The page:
Missional blood

“It’s easier to get people to give money than to give blood.”

This was the quotation that caught my attention in Sunday’s L.A. Times. There was a large article about the significant blood shortage in L.A., and concern over the fact that it was a holiday weekend with an increased chance of traumas and injuries that could require blood services in local medical centers. The article stated that typically, there is a three-day supply of “emergency” blood, that is the kind of blood that can be given to anyone (I can’t remember the type now, but I think Doug is one such donor) without risking rejection, but currently there was only a three-hour supply going into the long weekend.

The article was interesting on a number of fronts, noting the many changes that have made blood collection more challenging, more expensive, and ultimately much more safe. The series of safeguards that are now in place for protecting the blood supply are quite reassuring, and I don’t think I had ever considered the ways those safeguards would negatively impact the amount of blood collected. The article also spent a little bit of time discussing cultural differences that made giving blood highly unlikely among certain ethnic groups. Again, something I had never thought about.

So why am I worrying about blood? Because I am one of those people whose life was saved by blood transfusions. I took in more than half of my body’s blood volume in blood that was not my own. And after two days, though extremely weak and functioning with still-low levels, I was able to hold my baby girl again.

To this day, I get choked up by the Red Cross billboards that I see around town. Pictures of children, pleading for a chance to live, in need of a healthy blood supply so that they can. Or pictures of parents, playing with their kids, who say “thank you” for the blood that kept them alive to watch their children grow up. I am one of those parents, and there is such a deep gratitude that I feel for those people who took the time to stop by their corporate blood drive, or volunteered to give on their college campus, or even took the initiative themselves to drop by a donation center and make a regular gift. My husband has always been one of those people: faithful and consistent in making sure he was donating blood regularly. According to the L.A. Times article, people like Doug are now simply too few and far between.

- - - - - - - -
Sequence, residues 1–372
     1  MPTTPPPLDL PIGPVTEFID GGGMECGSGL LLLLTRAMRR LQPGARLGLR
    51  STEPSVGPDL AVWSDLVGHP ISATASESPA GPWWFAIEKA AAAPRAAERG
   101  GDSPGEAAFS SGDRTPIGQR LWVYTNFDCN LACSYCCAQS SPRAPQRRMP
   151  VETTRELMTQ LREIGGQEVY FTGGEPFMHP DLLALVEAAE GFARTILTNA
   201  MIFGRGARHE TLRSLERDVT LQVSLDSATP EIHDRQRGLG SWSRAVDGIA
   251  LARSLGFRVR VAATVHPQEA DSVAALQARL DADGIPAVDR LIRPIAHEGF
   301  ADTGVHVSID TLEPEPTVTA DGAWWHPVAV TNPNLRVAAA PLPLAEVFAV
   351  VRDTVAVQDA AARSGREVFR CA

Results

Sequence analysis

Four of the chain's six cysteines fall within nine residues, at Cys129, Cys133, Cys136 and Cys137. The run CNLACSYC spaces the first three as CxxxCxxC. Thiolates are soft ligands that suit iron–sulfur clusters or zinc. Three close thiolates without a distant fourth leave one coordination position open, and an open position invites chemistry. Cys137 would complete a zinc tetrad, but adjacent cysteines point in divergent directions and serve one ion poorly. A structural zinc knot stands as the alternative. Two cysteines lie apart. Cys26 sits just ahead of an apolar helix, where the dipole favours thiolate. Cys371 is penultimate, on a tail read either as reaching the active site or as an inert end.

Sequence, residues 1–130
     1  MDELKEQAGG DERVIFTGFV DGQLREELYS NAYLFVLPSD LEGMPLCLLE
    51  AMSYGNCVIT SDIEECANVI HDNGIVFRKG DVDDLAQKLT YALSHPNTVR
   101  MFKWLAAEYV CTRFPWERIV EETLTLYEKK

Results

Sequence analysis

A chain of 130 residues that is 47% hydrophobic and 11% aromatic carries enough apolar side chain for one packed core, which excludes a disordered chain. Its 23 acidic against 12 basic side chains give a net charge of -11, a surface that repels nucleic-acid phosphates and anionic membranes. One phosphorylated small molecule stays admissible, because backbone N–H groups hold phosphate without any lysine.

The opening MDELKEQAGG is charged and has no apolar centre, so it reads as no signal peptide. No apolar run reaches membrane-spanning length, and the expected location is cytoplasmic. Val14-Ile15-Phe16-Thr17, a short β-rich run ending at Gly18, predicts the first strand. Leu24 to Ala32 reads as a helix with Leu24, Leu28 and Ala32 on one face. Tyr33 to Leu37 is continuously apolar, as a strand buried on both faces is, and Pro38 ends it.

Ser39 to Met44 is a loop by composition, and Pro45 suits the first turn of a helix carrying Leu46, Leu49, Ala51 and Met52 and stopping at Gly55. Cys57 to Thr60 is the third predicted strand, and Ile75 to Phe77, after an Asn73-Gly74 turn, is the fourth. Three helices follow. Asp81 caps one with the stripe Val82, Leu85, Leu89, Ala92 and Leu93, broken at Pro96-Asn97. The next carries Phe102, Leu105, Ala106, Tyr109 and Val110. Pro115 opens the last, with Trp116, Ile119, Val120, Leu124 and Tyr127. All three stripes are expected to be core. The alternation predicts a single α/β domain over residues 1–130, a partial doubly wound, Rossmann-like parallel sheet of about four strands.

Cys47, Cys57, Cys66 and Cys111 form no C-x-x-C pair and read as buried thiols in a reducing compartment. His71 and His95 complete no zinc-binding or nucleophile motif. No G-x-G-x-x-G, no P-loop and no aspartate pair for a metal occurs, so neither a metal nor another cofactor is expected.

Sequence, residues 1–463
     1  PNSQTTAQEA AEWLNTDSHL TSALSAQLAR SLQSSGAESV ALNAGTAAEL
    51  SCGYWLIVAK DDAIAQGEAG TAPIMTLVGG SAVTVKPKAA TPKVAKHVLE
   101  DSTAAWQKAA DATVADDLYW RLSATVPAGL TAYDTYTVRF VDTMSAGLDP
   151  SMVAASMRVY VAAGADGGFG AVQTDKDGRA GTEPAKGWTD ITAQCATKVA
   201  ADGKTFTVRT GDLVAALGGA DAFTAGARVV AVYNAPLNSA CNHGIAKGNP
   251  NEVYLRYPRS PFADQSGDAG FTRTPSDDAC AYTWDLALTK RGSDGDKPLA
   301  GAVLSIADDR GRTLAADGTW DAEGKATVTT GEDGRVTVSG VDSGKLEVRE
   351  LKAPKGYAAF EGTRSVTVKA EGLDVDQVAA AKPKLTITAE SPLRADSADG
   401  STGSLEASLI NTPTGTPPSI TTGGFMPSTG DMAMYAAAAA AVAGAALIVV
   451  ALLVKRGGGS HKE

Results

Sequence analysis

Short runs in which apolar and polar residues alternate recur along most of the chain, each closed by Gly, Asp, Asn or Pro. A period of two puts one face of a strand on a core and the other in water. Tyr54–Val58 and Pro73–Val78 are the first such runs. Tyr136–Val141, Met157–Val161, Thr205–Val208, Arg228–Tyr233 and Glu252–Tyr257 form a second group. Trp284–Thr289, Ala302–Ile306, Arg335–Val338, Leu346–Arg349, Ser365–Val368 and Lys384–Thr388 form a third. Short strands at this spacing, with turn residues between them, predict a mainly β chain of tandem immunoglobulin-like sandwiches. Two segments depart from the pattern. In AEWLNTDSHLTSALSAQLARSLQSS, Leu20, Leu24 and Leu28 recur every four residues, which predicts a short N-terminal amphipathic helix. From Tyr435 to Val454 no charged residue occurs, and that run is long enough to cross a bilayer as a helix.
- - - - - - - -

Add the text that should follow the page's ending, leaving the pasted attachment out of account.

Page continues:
I was thinking about this issue as a Christian, and I realized, wow, what a perfect act of service, what a perfect expression of our gospel it is to give blood. It is anonymous: okay, maybe you get a special little sticker to wear after you do it, but for the most part it is certainly not about any glory or recognition! It is good stewardship: it is a sharing of your resources; a new way to live simply, even, by not hoarding more than you need! It is most likely a cross-cultural act: lines of race and ethnicity, gender and economics are crossed! And ultimately, it is an act of mercy, compassion, and generosity that allows for us to enter into an individual’s pain and suffering, and provide care and healing and relief. It is quite simply a way for us to choose the path of the Good Samaritan rather than the avoid/evade option of the Priest and the Levite.

So, here is my challenge: wherever you live, please consider taking the time to make a donation of blood, or better yet, consider how you can help mobilize others to do so as well. Churches should be the first place that people are active in giving this gift, should they not? As I prepare to give birth again in a matter of weeks, the issue remains quite present for me in my mind. So please, go and give blood and think of me and my sweet little girl who still has a mommy around, and the many others whose lives are saved by this “missional” act.

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